Highly erodible; highly erodible (crop)land: (1) Land that is in cropland use and is classified by the Natural Resources Conservation Service as Class IV, VI, VII, or VIII under the land capability classification system, and is considered to be particularly vulnerable to weather conditions. (2) Land that has an Erodibility Index of greater than 8. This index is based on a field’s inherent tendency to erode, from rain or wind, in the absence of cover crop. The Erodibility Index is based on the Universal Soil Loss Equation and the Wind erosion equation, along with a soil’s T-value – a measure of the amount of erosion in tons per year that a soil can tolerate without losing productivity. For most cropland soils, T-values fall in the range of three to five tons per acre.
HIMP: HACCP-based Inspection Models Project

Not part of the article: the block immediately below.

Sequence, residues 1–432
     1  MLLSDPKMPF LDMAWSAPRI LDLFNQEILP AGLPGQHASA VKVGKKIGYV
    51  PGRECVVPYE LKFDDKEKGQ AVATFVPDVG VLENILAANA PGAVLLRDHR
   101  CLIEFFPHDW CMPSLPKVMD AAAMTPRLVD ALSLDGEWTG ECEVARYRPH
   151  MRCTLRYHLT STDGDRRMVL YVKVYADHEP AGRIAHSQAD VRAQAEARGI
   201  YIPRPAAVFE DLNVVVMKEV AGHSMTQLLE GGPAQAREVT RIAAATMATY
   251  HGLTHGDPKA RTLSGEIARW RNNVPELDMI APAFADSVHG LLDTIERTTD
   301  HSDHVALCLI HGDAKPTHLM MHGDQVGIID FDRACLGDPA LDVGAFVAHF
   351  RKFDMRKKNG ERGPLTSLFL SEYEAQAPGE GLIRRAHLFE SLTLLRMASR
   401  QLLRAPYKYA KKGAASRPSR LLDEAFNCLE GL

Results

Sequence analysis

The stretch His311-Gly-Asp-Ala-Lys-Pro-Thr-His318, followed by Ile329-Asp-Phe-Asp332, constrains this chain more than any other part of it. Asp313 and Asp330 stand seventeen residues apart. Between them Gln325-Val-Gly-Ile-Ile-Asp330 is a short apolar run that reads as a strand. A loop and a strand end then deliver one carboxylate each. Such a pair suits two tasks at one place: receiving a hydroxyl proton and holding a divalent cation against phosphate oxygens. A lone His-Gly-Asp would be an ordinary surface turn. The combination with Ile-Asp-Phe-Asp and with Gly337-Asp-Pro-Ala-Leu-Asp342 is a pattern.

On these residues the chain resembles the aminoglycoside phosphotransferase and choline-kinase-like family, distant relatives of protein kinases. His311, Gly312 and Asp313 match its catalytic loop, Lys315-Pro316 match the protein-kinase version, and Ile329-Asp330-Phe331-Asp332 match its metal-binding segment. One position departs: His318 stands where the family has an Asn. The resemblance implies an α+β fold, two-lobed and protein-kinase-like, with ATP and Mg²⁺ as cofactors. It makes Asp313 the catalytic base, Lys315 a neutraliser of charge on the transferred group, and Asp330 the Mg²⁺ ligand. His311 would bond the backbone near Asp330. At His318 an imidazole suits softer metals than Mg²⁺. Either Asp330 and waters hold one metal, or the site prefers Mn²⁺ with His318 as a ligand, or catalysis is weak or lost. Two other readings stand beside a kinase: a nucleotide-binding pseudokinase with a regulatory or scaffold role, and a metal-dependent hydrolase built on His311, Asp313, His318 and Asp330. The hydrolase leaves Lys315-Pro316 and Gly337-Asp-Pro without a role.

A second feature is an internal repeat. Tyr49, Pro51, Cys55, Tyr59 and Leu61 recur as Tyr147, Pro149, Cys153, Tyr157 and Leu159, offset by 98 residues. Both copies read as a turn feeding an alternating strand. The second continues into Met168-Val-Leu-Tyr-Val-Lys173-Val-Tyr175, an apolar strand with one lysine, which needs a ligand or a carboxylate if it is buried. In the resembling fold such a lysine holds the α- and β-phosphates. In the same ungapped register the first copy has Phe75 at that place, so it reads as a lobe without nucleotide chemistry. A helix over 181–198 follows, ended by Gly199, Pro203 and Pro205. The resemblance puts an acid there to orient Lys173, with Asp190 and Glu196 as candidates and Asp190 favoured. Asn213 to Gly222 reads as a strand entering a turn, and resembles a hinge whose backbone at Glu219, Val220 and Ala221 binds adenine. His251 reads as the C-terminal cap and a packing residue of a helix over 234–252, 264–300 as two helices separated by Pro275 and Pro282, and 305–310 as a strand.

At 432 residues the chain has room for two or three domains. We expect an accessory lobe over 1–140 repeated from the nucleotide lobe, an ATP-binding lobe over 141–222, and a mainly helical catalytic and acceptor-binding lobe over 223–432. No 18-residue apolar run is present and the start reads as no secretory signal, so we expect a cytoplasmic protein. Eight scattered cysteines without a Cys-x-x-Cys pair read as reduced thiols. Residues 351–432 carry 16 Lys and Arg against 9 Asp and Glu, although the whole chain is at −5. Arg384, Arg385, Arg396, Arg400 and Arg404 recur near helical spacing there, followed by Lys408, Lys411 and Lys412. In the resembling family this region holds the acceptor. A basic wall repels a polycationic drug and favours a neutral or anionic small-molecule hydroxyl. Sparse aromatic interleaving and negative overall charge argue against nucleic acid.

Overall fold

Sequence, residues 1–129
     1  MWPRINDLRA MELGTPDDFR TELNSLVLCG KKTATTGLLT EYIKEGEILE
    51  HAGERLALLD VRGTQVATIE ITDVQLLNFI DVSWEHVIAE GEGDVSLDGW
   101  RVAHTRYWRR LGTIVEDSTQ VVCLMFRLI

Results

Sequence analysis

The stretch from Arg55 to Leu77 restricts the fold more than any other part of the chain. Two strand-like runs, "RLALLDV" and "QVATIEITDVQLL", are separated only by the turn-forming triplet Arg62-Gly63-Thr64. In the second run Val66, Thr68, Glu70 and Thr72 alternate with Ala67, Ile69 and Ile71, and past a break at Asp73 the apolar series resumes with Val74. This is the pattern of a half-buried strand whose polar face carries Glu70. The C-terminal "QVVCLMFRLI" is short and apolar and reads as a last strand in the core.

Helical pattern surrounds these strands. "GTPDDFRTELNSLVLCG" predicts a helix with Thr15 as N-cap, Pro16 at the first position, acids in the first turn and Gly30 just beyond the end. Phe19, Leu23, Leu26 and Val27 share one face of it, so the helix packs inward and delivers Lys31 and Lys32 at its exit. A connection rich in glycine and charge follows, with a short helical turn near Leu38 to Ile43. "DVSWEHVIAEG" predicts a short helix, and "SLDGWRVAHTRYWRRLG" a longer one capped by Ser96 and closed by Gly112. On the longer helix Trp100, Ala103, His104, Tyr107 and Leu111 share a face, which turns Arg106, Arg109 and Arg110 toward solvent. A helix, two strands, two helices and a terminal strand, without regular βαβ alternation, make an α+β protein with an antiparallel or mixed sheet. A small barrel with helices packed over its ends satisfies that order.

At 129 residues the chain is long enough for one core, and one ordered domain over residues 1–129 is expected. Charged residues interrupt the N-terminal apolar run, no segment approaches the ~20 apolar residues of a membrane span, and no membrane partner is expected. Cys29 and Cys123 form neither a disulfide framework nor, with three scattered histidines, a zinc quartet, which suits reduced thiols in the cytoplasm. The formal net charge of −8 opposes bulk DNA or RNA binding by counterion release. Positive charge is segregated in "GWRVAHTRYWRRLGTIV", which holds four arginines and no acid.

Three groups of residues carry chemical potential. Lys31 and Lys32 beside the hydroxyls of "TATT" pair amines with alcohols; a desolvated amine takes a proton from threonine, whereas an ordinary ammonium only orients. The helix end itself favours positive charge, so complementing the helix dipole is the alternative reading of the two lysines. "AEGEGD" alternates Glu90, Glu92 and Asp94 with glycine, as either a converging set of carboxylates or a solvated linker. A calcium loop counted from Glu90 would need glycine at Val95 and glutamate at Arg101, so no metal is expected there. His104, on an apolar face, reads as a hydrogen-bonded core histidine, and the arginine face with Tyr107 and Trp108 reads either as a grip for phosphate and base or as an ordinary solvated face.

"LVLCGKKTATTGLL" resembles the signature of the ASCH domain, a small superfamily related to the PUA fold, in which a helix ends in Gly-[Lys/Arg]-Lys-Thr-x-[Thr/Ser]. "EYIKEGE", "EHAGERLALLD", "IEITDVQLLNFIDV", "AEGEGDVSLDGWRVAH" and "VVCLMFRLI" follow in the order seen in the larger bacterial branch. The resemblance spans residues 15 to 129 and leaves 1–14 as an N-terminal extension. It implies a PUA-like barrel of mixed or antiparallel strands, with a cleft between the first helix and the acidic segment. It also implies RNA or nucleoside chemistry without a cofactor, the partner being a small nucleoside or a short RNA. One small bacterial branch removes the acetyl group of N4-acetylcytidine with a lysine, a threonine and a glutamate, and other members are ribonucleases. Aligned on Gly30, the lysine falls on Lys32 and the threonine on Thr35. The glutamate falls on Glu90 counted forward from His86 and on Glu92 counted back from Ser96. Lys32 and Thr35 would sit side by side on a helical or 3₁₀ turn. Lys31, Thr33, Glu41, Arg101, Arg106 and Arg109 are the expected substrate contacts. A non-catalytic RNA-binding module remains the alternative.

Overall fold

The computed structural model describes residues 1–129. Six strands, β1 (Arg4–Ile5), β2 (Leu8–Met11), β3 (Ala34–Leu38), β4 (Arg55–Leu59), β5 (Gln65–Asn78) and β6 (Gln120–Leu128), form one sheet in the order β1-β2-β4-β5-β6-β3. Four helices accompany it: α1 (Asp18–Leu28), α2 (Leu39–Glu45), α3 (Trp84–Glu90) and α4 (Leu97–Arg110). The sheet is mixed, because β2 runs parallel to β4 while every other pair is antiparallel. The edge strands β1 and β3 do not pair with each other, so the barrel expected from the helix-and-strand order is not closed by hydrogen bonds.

Hinny: A cross between a stallion and a female donkey.
Hispanic-serving institution(s): An institution of higher education that has an enrollment of undergraduate full-time equivalent students that is at least 25 percent Hispanic students, and which (a) admits as regular students only persons having a certificate of graduation from a school providing secondary education, or the recognized equivalent of such certificate; (b) is a public or other nonprofit institution accredited by a nationally recognized accrediting body; and (c) is legally authorized to provide a program of education beyond the secondary level for which a two-year associate, baccalaureate, or higher degree is awarded.